Originally released as a seasonal in 2014, Ninkasi’s Dawn of the Red has become almost as much of a cult classic as the movie it’s named after — 1978 horror film “Dawn of the Dead.” The brewery’s label designer and art director, Tony Figoli, is obviously a fan of the film, so what better reason to add this zombie-themed pairing to your to-do list this Halloween season and beyond? According to the Eugene brewery, “it doesn’t take brains to know this IRA is a delicious choice any time of year!” | 7% ABV, 75 IBUs
The infamous Black Widow only summons herself two weeks out of the year, but she always leaves a lasting impression. Originally brewed at the McMenamins Thompson Brewery 25 years ago on October 15, 1991, this deep-black porter infused with licorice root is so enchanting she will be the star of her own “Widow’s Weekend” at various locations. While she’s available October 15 through Halloween at all McMenamins pubs, the Thompson Brewery usually releases the popular seasonal earlier than the rest. But don’t get too lost in her web, as she won’t be here for long! | 7.35% ABV, 30 IBU
Fall Activity Pairing: Scary Movie Marathon
Although there is a 1987 crime thriller which shares the name “Black Widow,” McMenamins has a lot more to offer than that in the scary movie department this month. The company’s Mission Theater and Pub in Portland offers a variety of screenings all year long, but in October, you’ll find that classic spooky movies are their specialty. “The Craft” and “Scream” are both celebrating their 20th anniversaries, “Little Shop of Horrors” is celebrating its 30th, and “Carrie” is celebrating its 40th. There will be multiple showings of each, along with the movie “Se7en.” Don’t forget to order your favorite McMenamins beer as liquid courage as you prepare to be scared!
Putting the Oktober in Oktoberfest
If you’re pumpkin-phobic, have no fear, Deschutes is here! The brewery recently added a new fall seasonal to its lineup: Hopzeit Autumn IPA. While this beer may or may not conform to the Reinheitsgebot (a German purity law only allowing water, barley and hops as ingredients), the beer is at least “100-percent gourd free” according to the brewery, and “blends the malt body and flavor of a Marzen with the hop profile of an IPA.” It even has its own hashtag: #SayNoToPumpkinBeer. | 7% ABV, 60 IBUs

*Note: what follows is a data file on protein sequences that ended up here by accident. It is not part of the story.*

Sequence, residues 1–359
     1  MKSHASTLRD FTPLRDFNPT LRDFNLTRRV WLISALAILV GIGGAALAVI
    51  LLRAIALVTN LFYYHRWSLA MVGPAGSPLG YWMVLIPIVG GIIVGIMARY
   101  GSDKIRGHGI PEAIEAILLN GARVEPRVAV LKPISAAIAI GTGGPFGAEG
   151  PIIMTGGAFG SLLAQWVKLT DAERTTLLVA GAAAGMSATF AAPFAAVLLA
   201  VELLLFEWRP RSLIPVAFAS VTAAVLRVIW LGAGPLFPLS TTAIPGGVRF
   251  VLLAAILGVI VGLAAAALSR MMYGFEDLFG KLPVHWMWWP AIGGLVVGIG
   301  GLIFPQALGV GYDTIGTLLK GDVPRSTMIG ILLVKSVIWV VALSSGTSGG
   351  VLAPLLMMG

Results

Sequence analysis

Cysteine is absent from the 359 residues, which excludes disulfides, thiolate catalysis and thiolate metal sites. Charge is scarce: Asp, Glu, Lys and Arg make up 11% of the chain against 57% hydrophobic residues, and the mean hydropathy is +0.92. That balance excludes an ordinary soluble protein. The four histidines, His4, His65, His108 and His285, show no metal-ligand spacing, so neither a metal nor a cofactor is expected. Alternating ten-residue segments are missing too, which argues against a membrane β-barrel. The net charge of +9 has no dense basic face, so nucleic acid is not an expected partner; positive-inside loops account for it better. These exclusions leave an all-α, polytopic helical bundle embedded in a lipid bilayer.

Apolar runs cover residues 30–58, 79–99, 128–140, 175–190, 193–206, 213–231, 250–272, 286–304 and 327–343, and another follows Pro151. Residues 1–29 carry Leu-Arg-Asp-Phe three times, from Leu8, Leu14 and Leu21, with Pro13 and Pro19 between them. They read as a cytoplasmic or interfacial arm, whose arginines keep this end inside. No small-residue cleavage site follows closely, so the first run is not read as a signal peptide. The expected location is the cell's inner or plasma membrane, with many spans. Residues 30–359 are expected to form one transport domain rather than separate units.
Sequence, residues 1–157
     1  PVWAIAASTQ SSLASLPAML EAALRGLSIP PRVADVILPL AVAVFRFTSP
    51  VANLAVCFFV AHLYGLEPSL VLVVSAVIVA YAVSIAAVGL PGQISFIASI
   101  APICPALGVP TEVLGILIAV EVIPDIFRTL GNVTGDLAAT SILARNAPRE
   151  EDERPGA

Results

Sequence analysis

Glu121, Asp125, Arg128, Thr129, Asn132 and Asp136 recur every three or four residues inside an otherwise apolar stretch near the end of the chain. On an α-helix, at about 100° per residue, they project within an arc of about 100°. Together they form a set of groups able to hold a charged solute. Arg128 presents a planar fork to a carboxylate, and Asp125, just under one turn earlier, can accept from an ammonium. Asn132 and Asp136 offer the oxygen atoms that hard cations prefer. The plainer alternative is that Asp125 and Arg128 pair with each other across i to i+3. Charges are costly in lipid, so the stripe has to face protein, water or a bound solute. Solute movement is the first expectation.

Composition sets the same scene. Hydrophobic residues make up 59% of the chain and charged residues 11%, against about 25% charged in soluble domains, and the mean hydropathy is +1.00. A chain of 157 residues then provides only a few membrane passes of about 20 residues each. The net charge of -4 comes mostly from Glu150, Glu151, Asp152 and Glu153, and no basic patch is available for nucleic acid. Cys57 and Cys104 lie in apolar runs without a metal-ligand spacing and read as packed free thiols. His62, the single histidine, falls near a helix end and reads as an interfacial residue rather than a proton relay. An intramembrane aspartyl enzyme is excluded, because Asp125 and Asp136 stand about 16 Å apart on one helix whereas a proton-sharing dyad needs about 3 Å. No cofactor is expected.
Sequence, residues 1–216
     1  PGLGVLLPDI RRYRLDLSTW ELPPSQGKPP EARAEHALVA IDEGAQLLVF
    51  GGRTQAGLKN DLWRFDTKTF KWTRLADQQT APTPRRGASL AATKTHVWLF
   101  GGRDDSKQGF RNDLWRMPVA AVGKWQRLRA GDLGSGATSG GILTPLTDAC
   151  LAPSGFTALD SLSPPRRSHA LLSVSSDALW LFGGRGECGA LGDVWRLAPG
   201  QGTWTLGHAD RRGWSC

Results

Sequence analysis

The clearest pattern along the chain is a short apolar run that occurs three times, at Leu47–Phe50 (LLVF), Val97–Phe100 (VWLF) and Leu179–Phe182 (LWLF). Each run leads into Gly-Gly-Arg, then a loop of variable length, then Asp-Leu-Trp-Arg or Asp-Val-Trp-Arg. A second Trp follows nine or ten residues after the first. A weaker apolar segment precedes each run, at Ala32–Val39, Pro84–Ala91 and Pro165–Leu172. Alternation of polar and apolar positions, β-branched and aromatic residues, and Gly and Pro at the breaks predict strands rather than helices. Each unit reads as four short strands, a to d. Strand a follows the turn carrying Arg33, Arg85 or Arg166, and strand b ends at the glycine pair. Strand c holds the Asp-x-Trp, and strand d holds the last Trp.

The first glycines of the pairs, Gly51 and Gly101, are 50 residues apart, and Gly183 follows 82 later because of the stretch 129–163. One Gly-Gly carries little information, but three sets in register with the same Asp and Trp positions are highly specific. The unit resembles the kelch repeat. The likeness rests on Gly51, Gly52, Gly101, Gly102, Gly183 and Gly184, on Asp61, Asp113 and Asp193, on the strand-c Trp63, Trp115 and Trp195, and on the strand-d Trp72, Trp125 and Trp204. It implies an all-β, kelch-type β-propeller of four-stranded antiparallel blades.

For those of you wanting something you could drink a few steins of without being frightened by flavors, this section’s for you. Block 15 Brewing’s Autumn Farmhouse Ale, dubbed as a “harvest celebration of Pacific Northwest regional farms,” is a part of the brewery’s seasonal bottle-conditioned series. The beer truly lives up to its description, featuring organic North American malts, organic oats from Green Willow Grains, Willamette Valley hops, and honey from Queen Bee Apiaries, also located in Corvallis. | 7.4% ABV
Fall Activity Pairing: Oktoberfest
Although Munich’s famous Oktoberfest may be over, luckily for you there are still some Oregon breweries that are hosting their own versions of the revered German celebration this month, including Block 15’s Bloktoberfest on Oct. 21 (Pro Tip: You get free entry if you wear German-themed clothing). On Oct. 8 in Portland, not only is Zoiglhaus Brewing hosting its own Oktoberfest, but Widmer Brothers Brewing will be putting on an Oktoberfest at Pioneer Courthouse Square featuring rock band X Ambassadors.
No matter how you’re celebrating this month, don’t be too spooked to try a new Oregon beer!
Above, Workers at Crosby's Hop Farm near Woodburn.
Following -- Emily Engdahl put this great list together for the Oregon Beer Growler's print edition. Those who want to hold this list in their hands can pick it up Oct. 1 here. If you want to see Emily's list on her website, go to http://oregonbeercountry.org. Thanks Emily!
List compiled by Emily Engdahl